Home Developmental Psychology

Developmental Psychology Careers and Degree Programs

Featuring expert contributions from:

Lara Mayeux

Lara Mayeux, Ph.D., developmental psychologist and Associate Professor at the University of Oklahoma

Kevin M. David

Kevin M. David, Ph.D., developmental psychologist and Portfolio Director at CampusWorks

Although some types of change seem random or unpredictable, others adhere to general patterns—including human development. Developmental psychologists seek to understand these patterns and use that understanding to better people’s lives.

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What Is Developmental Psychology?

Developmental psychology is the study of how people change and grow across their lifespan. There are three goals of developmental psychology: to describe, explain, and optimize development. This development includes not only physical growth but also intellectual, emotional, cognitive, and social growth. In this sense, it is an interdisciplinary field that touches on other areas of psychology—as well as the life sciences.

Developmental psychologist Kevin David shares his perspective on the field. “I kind of view it as a meta-psychological field in that it spans many of the other areas of psychology. For instance, in cognitive, social, personality, and clinical psychology, a number of variables are looked at, including development.”

Developmental psychologists have a tricky challenge: to study and understand “typical” developmental processes (known as normative development) while also taking into account the fact that people reach developmental milestones at different rates (ideographic development). The definition of what constitutes each type of development has changed over the years, and even today not all developmental psychologists agree.

I think that focus on change is really what sets us apart from other fields in psychology.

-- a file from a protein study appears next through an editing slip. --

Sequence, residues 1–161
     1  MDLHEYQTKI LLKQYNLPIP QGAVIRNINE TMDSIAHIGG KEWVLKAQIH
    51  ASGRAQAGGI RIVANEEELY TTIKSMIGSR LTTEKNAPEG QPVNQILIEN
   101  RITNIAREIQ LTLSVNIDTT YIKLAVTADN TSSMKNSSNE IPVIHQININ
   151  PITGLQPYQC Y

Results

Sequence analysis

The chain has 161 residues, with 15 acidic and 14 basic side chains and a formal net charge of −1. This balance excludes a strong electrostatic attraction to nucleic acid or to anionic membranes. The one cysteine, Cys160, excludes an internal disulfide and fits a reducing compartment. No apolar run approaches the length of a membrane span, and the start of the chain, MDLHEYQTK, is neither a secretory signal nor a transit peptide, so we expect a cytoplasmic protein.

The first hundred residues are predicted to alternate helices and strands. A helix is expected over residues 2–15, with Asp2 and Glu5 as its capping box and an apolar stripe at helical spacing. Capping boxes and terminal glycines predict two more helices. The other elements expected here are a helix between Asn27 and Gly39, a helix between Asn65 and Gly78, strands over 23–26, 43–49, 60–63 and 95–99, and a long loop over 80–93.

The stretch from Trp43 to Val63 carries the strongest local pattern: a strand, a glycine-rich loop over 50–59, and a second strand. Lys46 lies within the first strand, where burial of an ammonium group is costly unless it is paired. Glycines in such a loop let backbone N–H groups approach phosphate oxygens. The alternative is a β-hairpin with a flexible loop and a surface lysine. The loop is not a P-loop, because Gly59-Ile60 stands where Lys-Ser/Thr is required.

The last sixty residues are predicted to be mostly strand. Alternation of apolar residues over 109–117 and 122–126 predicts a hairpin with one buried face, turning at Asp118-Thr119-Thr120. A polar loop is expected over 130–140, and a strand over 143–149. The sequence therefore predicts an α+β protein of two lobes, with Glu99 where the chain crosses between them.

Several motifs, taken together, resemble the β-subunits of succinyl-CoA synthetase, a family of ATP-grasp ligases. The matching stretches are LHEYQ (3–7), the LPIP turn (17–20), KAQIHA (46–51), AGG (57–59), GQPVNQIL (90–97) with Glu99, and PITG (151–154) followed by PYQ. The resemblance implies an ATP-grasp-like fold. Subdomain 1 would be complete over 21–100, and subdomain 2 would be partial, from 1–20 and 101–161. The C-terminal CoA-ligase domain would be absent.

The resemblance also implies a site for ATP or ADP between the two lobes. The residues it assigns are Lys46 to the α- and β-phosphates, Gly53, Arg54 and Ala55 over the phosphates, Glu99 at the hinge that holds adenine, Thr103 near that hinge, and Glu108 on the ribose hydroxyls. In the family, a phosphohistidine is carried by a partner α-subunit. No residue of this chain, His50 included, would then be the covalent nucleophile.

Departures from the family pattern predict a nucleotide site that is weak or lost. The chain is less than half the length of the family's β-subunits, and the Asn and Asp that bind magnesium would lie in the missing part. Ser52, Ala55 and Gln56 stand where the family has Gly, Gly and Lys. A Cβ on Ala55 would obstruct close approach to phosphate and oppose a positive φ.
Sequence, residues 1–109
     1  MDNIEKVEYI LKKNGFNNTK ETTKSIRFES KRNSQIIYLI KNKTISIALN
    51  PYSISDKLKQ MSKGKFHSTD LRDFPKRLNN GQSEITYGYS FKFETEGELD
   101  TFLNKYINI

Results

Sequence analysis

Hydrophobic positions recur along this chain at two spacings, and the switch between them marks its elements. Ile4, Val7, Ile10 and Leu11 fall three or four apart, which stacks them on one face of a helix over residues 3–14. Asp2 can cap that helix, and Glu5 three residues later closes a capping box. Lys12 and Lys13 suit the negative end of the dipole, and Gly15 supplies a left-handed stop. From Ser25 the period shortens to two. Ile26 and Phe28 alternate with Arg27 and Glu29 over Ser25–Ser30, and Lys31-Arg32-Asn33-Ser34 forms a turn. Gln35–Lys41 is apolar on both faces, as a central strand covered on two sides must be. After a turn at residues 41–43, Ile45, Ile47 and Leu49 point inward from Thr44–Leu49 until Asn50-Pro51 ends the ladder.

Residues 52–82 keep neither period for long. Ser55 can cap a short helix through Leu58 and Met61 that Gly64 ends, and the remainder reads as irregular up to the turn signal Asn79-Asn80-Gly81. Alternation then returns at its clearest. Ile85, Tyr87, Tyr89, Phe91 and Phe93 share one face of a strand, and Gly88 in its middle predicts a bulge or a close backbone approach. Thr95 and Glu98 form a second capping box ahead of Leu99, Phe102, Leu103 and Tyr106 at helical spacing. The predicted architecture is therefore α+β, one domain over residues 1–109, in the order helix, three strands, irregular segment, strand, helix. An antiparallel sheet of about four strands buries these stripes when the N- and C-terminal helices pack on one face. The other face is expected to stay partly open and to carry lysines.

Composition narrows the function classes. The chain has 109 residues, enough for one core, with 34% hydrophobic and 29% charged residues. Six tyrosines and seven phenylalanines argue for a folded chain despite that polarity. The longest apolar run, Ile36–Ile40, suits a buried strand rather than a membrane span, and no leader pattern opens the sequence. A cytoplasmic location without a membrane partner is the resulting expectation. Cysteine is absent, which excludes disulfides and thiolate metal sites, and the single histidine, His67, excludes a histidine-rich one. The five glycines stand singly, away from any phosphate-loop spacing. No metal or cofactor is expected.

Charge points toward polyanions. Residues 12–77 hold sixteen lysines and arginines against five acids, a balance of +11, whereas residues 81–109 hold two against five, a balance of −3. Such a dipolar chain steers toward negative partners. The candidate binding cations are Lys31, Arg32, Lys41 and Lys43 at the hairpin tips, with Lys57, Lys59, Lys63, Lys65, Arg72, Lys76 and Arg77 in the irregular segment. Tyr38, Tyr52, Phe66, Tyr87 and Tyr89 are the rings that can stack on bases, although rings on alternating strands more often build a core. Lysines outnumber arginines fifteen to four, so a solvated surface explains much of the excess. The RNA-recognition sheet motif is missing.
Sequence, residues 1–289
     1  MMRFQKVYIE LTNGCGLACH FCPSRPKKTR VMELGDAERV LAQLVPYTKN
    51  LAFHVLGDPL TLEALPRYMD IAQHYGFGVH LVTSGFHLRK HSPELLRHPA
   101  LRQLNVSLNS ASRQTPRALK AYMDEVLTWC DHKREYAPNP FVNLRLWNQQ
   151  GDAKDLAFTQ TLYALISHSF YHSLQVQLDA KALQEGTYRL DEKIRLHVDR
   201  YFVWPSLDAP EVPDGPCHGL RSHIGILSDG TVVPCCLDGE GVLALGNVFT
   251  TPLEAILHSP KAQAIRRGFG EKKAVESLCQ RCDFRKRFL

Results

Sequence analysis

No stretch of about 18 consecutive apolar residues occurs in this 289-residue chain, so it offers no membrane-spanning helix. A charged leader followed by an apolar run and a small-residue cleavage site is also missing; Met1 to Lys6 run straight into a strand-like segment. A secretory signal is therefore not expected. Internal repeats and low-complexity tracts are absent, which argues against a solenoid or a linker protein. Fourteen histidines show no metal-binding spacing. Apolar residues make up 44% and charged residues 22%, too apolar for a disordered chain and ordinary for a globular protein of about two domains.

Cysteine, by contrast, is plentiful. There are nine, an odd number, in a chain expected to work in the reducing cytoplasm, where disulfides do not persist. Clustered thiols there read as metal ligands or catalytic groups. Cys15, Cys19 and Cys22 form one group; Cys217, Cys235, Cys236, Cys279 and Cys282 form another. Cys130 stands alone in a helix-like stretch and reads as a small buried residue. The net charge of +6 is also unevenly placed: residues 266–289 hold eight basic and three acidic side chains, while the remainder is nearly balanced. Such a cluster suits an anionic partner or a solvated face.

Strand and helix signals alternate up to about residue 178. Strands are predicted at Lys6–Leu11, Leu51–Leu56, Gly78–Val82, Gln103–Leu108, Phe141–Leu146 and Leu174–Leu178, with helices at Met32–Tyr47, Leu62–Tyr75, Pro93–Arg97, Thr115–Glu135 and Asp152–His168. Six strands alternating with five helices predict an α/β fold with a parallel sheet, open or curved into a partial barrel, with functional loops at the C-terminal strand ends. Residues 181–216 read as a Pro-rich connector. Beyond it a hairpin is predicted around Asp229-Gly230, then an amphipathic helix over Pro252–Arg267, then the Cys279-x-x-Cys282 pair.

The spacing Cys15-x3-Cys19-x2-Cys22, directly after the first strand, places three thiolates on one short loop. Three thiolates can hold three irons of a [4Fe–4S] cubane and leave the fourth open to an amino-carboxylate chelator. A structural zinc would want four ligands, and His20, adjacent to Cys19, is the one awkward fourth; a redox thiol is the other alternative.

—Lara Mayeux, Developmental Psychologist

Some people equate developmental psychology with child psychology, or consider the latter to be a subfield within the former. However, the American Psychological Association (APA) has separate divisions for each. Also, when someone calls themselves a “child psychologist,” they usually mean that they work with patients from infancy to puberty to diagnose and help them overcome developmental difficulties. “Developmental psychologist,” however, is a fuzzier term. They study people of all ages and tend to work in research and academia.

Developmental Psychologist Careers

There are generally two “tracks” when it comes to careers in developmental psychology: research/academic and clinical. Within each track, there are additional career possibilities.

Developmental Psychologist Career Paths

What They Do

Research / Academia

  • Evaluate existing research
  • Conduct new research
  • Teach at the postsecondary level


  • Conduct assessment tests
  • Identify developmental setbacks
  • Develop treatment approaches
  • Work one-on-one with clients of all ages to help them reach their full potential

Where They Work

Research / Academia

  • Colleges and universities
  • Research facilities such as think tanks
  • Government agencies, such as the National Institutes of Health
  • Medical schools


  • Children’s hospitals
  • Outpatient healthcare clinics
  • Rehabilitation centers
  • Retirement or assisted living facilities
  • K–12 schools
  • Private practice

Research and Academia Careers for Developmental Psychologists

Understanding how humans change and grow can help us ensure that at all stages of life, humans are meeting their potential. Conducting research is essential to this understanding.

Developmental psychology researchers focus on growth in a wide range of areas, including physical, cognitive, social, intellectual, perceptual, and emotional. They research specific topics such as language acquisition, alcohol and its effects on brain development, assessment and evaluation techniques, prenatal development, and many others.

Some may concentrate on development in particular life stages—infancy, childhood, adolescence, and adulthood. Their research would center around developmental issues that are associated with each stage.

David talks about his research focus. “I am what we call a ‘social developmental psychologist,’ as opposed to a ‘cognitive developmental psychologist.’ I study social processes in particular.

My own specific research has focused on how both positive and negative marital relations are associated with children’s and adolescents’ social competence.”

Many researchers also teach at the postsecondary area. They often work with and supervise graduate students who aid them in their research.

Exploring Peer Relationships with Lara Mayeux